Reviews: Becoming Enlightened and Jesus & Buddha: The Parallel Sayings

lamaBecoming Enlightened

Becoming Enlightened is a practical introduction to and handbook for anyone wanting an understanding of the practices and beliefs of Buddhism.

The information in the book is presented in prose, and twice again in “contemplations” or abbreviated lists itemizing the information. The first of these lists appears in the chapter initially presenting the information, and then all the contemplations are repeated again in a single chapter at the end of the book for quick reference.

Buddhist practices emphasize selflessness, altruism, kindness, tolerance, and compassion. Topics regarding karma, death and reincarnation, the impermanence of life, being a positive force for change, and developing wisdom are discussed.

Speaking of Buddha, the Dalai Lama states,

People the world over, regardless of whether they are Buddhist or not, are aware that there was someone called Gautama Buddha, praised for his profound and unique presentation on the nature of persons and objects and for his related teaching of the altruistic intention to become enlightened, in which others are cherished more than oneself. (page 216)

This accessible and matter-of-fact approach of presenting the steps for advancing toward enlightenment in every area of life is designed to assist the reader with making the practical day-to-day changes. For the non-Buddhist, it is an illuminating look into the philosophical underpinnings and practices of Buddhism.

It was written by His Holiness the Dalai Lama and translated by Jeffrey Hopkins, Ph.D., who was his translator for ten years.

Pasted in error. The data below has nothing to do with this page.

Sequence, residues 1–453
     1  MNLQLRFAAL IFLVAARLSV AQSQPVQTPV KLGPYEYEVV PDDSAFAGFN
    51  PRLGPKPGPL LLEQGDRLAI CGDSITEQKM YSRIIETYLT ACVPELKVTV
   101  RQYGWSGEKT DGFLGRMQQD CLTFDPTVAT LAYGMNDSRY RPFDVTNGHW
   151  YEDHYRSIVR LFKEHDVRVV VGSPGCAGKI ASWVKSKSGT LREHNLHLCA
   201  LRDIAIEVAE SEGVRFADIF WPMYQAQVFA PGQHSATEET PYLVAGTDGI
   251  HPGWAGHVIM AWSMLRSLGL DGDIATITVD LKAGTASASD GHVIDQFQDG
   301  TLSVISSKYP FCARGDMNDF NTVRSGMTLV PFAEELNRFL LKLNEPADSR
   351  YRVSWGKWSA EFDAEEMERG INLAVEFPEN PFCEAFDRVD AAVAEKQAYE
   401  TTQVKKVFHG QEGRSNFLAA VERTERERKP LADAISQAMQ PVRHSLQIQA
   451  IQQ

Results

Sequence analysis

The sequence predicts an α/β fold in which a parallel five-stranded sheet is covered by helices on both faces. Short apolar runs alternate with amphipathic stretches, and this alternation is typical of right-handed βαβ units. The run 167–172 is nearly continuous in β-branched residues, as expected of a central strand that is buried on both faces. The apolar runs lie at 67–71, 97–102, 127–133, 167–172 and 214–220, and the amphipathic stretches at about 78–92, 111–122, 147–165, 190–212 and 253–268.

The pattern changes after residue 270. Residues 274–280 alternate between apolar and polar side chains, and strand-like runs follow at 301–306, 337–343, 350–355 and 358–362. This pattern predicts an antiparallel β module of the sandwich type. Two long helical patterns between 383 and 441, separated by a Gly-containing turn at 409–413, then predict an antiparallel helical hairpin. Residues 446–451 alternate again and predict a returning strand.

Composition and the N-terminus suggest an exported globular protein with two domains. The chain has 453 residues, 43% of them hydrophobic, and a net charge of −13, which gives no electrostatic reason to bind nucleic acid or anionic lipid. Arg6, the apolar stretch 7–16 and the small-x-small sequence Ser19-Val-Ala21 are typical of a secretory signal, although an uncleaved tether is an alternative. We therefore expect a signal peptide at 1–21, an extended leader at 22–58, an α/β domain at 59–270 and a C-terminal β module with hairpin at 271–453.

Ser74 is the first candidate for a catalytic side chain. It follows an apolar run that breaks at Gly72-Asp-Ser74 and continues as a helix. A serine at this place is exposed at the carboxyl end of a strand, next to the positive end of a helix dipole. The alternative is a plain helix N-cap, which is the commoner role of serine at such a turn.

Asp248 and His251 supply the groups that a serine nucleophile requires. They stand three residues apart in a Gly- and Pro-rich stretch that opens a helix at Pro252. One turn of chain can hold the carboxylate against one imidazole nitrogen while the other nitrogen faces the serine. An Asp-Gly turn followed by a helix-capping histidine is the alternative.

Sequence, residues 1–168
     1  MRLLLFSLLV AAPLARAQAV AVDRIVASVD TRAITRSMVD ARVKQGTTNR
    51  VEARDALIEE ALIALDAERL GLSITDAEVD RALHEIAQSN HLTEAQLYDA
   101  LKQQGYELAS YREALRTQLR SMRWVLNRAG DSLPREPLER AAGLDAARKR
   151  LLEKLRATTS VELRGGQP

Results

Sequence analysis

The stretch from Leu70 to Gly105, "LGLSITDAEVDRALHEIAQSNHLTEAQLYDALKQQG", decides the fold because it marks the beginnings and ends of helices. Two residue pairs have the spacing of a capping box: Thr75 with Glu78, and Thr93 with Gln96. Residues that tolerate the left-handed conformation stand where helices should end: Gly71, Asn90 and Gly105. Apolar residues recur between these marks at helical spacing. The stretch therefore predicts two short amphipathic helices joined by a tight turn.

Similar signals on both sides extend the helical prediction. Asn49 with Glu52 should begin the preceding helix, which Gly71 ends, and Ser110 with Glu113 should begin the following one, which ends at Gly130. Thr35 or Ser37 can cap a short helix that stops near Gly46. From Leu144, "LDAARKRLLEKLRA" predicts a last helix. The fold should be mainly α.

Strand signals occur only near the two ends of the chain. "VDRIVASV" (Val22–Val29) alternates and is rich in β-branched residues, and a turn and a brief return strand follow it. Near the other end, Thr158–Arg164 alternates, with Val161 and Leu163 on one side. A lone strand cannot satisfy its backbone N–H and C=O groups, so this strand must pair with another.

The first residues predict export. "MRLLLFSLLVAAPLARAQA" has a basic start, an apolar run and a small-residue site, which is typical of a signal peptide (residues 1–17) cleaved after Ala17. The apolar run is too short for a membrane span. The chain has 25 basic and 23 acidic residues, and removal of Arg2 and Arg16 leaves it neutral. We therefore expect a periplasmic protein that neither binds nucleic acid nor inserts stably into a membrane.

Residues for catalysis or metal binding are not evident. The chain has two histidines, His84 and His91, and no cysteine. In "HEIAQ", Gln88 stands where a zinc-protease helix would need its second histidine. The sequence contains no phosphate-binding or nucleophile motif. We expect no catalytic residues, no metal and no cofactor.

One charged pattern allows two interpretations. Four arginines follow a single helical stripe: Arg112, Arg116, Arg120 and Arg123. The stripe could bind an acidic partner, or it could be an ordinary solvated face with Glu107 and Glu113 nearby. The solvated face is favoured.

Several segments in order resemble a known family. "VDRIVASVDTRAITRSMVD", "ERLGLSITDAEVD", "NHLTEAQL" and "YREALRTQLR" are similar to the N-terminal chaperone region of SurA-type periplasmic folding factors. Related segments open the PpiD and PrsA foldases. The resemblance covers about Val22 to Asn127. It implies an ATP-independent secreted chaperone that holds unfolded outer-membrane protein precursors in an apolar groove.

borgJesus & Buddha: The Parallel Sayings

Editor Marcus Borg set out to list parallels between Jesus and Buddha’s teachings and lives, by demonstrating parallels between their sayings and in the events surrounding their lives. He outlines parallels in numerous areas of their teachings and life stories, such as compassion, wisdom, materialism, inner life, and temptation, to name just a few.


The primary purpose of the parallels collected in this volume is not to make a scholarly case for similarity. We would need to include many more, as well as the debate whether and to what degree the dissimilarities count against similarity. Rather, the purpose of this collection is to provide opportunity for reflection and meditation. . . .

And so I invite you to ponder the parallels between these two enlightened teachers of an enlightenment wisdom. The path of which they both speak is a path of liberation from our anxious grasping, resurrection into a new way of being, and transformation into the compassionate life. (Editor’s Preface, page 11)

However, we take exception to his conclusions on the basis of three points: